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Museum display documents Duncan's 70 years
December 11, 2006
by Dwain Lair, Times Staff
Duncan parking meters were intertwined in Clark Selby's life for about 40 years, taking him to more than 60 countries in six continents.
A slice of that history is on permanent display at the Boone County Heritage Museum. The Duncan Industries exhibit takes up an entire wall with artwork and photographs, parking meters and inner mechanisms, and a timeline and history of the company. Even the company's original product, a Duncan yoyo, is on display.
Selby worked on everything engineering to company president and salesman to consultant. He is intimately familiar with each working parking meter in the display. The original parking meter was created in 1936, the No. 40 casting. It was originally designed to give a receipt. But with only pennies paid into the meter, receipts were too much trouble.
He said the No. 50 casting was the real beginning, then the Model 60 was cast and became a world standard. All of those models were cast in Harrison.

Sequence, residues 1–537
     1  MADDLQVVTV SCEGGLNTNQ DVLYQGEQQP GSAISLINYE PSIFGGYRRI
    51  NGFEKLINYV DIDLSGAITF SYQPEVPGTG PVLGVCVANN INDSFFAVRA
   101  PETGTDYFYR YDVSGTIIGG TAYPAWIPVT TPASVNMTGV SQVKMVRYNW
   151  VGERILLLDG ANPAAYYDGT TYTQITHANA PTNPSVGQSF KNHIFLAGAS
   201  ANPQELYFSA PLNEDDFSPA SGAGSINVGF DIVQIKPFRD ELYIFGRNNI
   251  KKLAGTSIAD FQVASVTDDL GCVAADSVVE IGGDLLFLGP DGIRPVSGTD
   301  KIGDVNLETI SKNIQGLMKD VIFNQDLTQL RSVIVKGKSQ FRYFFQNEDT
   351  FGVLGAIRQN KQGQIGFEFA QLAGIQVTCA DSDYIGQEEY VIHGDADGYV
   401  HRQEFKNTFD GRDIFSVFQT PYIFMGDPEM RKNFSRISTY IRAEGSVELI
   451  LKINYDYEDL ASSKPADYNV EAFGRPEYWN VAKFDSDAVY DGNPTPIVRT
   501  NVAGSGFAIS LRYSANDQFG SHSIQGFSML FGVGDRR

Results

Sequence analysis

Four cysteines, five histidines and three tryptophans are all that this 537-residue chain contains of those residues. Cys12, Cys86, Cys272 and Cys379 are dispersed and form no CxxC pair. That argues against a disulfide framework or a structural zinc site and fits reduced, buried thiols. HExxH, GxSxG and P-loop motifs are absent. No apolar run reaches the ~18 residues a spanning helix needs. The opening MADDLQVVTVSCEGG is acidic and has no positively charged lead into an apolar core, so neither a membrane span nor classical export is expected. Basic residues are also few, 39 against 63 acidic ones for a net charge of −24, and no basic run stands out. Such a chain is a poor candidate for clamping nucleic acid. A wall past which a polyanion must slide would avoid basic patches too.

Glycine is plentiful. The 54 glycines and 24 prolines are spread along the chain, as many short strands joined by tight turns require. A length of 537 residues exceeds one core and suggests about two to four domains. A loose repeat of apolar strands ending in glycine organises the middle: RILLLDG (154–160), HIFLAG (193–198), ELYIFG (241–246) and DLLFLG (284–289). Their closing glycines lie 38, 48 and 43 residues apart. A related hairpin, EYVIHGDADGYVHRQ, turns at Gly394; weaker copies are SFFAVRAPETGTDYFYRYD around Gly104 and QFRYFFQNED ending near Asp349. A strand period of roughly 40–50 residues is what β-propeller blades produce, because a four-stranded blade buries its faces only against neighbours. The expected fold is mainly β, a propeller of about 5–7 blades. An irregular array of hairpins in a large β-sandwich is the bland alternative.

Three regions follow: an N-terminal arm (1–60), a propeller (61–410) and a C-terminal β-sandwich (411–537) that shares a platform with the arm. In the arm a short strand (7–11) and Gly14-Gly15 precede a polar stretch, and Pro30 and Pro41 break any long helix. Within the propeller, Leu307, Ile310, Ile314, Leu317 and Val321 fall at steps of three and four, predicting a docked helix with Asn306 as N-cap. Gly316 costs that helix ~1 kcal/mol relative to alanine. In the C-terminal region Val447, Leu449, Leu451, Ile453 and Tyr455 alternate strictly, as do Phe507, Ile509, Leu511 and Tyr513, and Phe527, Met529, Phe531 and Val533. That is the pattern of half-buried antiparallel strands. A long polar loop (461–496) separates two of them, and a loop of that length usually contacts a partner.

The Model 70 started digital parking meters, and those times still blink on and off at the museum. It also was cast of steel to resemble an old round vault door. He sold 65,000 of those parking meters to New York City.
The Model 80 was cast of all-iron because of problems with vandals breaking into the tops of the meters.
At one point, he said Duncan designed parking meters that would pay customers a token that they could redeem with merchants. Merchants liked the meters, but not city officials.
Looking closer at the meters, Selby pointed out that 6,000 of the double meters had seen duty at Westminster (London), Great Britain. He pointed out that the violation flag is divided into regular penalty and excess charges. After the penalty time expires, the fine is quadrupled to help support the royal family.
Other parking meters on display including one that monitored parking in South Africa and another from Kuwait that with Arabic coins. A parking meter from Hong Kong was metered for both Chinese and English and from Dublin, Ireland, was metered for both English and Gaelic.
Selby said Duncan relocated to Harrison from Chicago because of an abundance of machinists who had worked for the Missouri & North Arkansas Railway.
As Duncan celebrates its 70th year of business, Selby designed the Boone County Heritage Museum's display with help from sons Robert, who lives in Fayetteville and did the company's calendar art for years, and Mike, who operates Wildcat Shoals at Flippin with his wife, Phyllis.
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